The COVID-19 pandemic is one of modern medicine’s greatest challenges with 20 million (and counting) confirmed cases worldwide. Drugs in development to treat infections span small molecules, vaccines, and antibody-based therapies. Apart from these modalities, scientists are also using regenerative medicine paradigms as inspiration for new cell-based therapies to combat COVID-19.
Earlier in the year, a small pilot study in China showed that COVID patients who were infused with mesenchymal stem cells, or MSCs, had improved outcomes — perhaps due to the ability of stem cells to modulate the immune system. The truth is, we don’t fully know and much of the link between stem cells and COVID remains a gray zone. Nonetheless, MSCs have been given a nod by the US Food and Drug Administration (FDA) under the expanded access compassionate use designation for treating very ill COVID patients.
Since then, the interest in cell therapies to stop COVID infections has only skyrocketed. There are numerous clinical trials currently underway, looking into their safety and potency for reducing the severity of COVID-induced acute respiratory distress syndrome, or ARDS. Here are four major classes of these cell-based approaches for helping patients with COVID and the associated companies to watch.
Mesenchymal stem cells
These stem cells are harvested from the bone marrow, fat, and umbilical cord tissues and can both self-renew and change into specialized cell types. MSCs appear in the majority of ongoing studies for COVID-19 applications. Among the companies working to commercialize MSC-based therapeutics are Mesoblast and Cynata, both based in Australia. The former has one experimental drug product in Phase 3 called Remestemcel-L, cited for use in “moderate to severe ARDS due to COVID-19 infection”.
Likewise, Cynata’s Cymerus™ MSCs have seen some promising results in preclinical studies using a sheep model of ARDS. Here, they report a drop in inflammatory markers in the lung as early as 3 hours after treatment, as well as a reduction in circulatory shock — a life-threatening condition faced by ARDS sufferers associated with dangerously low blood pressure and multiple organ failure.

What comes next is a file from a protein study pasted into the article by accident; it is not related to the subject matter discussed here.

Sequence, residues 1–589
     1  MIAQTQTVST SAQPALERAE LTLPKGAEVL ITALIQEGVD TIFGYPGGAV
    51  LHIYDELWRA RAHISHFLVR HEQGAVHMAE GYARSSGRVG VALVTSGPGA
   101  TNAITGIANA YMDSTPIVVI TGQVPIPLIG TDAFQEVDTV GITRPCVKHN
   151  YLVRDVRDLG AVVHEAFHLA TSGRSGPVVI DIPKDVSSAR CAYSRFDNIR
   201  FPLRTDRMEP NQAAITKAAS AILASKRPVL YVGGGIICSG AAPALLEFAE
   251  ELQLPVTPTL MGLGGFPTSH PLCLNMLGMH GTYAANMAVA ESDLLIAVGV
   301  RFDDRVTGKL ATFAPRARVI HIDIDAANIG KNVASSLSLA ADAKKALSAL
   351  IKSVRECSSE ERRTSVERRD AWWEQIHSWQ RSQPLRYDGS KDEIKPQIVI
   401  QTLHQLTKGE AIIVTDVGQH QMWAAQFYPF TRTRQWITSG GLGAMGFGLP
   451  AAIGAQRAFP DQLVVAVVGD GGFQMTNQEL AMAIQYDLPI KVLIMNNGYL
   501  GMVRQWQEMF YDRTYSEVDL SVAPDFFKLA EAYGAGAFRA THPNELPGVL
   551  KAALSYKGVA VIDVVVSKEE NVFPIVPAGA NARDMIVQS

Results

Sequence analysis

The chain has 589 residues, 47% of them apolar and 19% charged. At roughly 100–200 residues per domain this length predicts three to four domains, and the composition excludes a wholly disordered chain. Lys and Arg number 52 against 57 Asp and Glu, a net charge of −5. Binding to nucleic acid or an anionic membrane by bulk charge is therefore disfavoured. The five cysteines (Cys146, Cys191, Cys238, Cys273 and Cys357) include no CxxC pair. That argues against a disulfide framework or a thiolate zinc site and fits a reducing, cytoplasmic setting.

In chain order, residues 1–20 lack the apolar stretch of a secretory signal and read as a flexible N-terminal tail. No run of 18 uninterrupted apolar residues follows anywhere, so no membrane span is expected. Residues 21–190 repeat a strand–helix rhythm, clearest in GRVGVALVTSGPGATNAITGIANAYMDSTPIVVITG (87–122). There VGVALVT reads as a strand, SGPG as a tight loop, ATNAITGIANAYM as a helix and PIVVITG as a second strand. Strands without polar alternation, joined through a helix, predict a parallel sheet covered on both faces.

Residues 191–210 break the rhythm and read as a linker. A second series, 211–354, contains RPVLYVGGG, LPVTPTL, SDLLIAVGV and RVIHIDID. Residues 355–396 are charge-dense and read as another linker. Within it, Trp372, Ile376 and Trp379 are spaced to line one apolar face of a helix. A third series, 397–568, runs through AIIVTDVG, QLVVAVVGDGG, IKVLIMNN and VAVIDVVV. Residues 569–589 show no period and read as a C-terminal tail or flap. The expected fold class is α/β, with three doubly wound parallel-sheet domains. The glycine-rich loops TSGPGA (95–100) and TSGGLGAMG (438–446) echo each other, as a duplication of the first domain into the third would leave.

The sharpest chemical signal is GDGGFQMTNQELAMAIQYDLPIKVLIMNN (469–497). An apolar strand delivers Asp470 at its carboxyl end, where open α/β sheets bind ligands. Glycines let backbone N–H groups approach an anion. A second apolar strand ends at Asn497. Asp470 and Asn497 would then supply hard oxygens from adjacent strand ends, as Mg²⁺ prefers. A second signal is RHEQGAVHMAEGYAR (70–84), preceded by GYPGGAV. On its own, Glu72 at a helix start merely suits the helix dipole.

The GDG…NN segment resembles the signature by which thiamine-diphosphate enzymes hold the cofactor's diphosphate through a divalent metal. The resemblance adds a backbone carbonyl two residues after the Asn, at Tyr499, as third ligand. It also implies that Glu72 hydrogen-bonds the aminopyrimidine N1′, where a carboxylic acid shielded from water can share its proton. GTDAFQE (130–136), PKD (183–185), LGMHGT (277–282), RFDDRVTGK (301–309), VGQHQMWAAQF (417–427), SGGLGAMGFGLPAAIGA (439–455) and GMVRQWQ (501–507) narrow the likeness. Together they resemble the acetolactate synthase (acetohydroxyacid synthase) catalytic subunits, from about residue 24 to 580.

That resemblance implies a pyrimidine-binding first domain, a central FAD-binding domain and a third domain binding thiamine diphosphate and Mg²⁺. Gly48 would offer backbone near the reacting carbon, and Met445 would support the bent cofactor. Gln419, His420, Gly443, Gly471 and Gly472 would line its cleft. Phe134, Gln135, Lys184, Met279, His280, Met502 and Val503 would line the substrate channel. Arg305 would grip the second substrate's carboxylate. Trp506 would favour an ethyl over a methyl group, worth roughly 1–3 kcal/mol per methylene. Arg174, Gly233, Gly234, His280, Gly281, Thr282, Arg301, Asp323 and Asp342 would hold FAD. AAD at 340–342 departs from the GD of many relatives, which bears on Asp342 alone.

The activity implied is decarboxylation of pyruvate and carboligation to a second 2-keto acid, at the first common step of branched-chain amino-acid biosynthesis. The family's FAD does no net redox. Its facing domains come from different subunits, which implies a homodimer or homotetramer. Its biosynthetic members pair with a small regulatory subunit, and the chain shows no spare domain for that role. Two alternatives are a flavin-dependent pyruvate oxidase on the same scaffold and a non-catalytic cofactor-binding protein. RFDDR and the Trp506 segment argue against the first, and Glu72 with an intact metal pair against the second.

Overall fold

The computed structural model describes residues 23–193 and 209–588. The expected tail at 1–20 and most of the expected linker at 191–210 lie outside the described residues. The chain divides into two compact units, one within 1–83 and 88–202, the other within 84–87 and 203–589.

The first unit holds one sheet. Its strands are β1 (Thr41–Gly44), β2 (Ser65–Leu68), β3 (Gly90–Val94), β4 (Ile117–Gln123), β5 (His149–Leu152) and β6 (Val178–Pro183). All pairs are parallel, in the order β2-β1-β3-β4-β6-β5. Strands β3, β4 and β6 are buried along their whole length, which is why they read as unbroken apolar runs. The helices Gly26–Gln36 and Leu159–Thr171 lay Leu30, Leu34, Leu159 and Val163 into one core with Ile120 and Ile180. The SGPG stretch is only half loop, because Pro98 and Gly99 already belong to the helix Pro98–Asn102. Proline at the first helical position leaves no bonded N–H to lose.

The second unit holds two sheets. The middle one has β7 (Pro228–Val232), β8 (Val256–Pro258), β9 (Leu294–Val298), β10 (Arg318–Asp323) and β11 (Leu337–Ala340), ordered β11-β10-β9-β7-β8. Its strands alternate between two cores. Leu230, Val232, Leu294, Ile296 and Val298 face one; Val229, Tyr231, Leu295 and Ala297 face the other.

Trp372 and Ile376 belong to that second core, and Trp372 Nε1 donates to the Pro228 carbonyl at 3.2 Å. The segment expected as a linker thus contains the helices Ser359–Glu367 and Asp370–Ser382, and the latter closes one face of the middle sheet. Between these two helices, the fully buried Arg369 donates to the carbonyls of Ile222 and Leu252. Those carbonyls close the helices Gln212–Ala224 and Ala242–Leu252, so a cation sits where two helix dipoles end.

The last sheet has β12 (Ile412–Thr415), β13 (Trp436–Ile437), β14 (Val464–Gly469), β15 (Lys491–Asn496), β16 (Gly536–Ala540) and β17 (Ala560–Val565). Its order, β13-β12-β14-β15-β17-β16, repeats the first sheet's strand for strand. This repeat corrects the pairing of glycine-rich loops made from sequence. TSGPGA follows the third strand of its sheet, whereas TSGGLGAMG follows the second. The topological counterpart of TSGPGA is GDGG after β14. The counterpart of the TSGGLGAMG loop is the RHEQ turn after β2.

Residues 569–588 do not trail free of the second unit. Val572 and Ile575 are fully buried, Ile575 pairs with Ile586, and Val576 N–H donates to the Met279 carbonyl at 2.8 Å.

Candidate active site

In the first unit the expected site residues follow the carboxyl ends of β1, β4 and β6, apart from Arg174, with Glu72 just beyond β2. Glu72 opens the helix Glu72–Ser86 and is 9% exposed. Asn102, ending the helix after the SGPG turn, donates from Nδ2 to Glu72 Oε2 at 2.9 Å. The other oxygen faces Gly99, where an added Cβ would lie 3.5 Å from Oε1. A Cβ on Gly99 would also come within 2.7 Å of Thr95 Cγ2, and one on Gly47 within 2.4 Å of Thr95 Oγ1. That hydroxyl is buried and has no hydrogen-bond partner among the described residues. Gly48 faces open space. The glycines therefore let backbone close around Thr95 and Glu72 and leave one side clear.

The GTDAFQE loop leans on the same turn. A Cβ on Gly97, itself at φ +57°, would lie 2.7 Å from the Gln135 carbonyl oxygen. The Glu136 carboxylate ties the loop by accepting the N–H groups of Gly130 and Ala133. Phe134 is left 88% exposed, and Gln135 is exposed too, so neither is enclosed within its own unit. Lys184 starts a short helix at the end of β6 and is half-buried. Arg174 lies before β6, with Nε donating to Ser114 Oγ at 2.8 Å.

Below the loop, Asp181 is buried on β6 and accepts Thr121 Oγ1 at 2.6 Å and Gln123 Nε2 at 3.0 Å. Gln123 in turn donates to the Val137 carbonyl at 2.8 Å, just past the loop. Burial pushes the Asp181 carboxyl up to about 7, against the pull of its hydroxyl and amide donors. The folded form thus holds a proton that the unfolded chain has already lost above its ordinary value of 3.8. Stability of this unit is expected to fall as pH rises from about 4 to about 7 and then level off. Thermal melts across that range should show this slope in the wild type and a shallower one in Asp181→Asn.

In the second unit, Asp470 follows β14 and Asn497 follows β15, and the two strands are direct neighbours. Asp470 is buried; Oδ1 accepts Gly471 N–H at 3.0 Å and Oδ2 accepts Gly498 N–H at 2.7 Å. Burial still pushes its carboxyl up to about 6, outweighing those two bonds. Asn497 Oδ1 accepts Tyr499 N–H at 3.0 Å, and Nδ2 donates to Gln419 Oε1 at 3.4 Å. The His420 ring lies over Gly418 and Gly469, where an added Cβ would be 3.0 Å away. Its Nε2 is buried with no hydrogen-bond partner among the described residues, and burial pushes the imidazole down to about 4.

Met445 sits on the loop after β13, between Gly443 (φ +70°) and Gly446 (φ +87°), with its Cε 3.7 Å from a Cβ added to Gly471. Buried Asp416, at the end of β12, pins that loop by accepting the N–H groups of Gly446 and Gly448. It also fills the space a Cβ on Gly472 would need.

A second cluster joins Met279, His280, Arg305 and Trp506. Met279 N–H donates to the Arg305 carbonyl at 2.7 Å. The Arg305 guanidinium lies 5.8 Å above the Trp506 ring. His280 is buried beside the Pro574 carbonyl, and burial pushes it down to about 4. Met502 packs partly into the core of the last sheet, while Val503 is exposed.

Natural killer (NK) cells
Natural killer (NK) cells are white blood cells that play a central role in the innate immune system, rushing to the scene when either virus-infected cells or tumor cells are detected and triggering the release of chemicals to destroy the compromised cells. These cellular assassins were particularly attractive in the context of COVID-19, not only for their role in enhancing immune responses, but also for removing lung cells infected by SARS-CoV-2.
New Jersey-based company Celularity has developed an NK-based treatment called CYNK-001, which has been given the all-clear from the FDA for human clinical trials. Celularity’s innovation involves using cells from the postpartum placenta for a range of therapeutic applications, which now includes COVID-19. Earlier studies indicated that those experiencing particularly debilitating forms of COVID-19 may naturally have lower numbers of NK cells and administering CYNK-001 could prevent the infection from worsening.
Cardiosphere-derived cells (CDCs)
CDCs are a lab-derived progenitor cell population from the heart that has been shown to have potent anti-inflammatory and regenerative properties along with the ability to boost the immune system. These are attributed to factors secreted from these stem cells called exosomes. CDCs are a prime candidate for treating COVID-19 patients who are experiencing “cytokine storms”, a result of an extreme, overactive immune response following infection.
Clinical-stage biotechnology company Capricor has CAP-1002 in its pipeline, an “off-the-shelf” CDC therapy for dampening this immune storm in COVID patients. CAP-1002 has already been used with some success in six patients, with follow-up trials investigating the treatment’s immunomodulatory potential in larger cohorts. The company is also developing a potential vaccine for COVID-19 using exosomes as a drug delivery vehicle.
Chimeric antigen receptor T (CAR-T) cells
CAR-Ts are engineered T cells with built-in receptors that hone in on and destroy cancerous cells. These designer T cells were originally created as a therapy for blood cancers. CAR-Ts are already clinically established (with therapies such as Kymriah and Yescarta) and so naturally, scientists were interested in their potential to be redirected towards virally-infected cells in COVID-19.
Cancer patients receiving CAR-T therapies are faced with some serious unwanted side effects including cytokine release syndrome, a flare-up of the immune system. How drug developers will circumvent these risks given that they overlap with the symptoms of ARDS is still unknown. Nonetheless, companies such as AlloVir (in partnership with Baylor College) are joining forces to develop a new CAR-T against the novel coronavirus. Here, T cells will be exposed to fragments from the SARS-CoV-2 virus, which then become the target once infused into patients.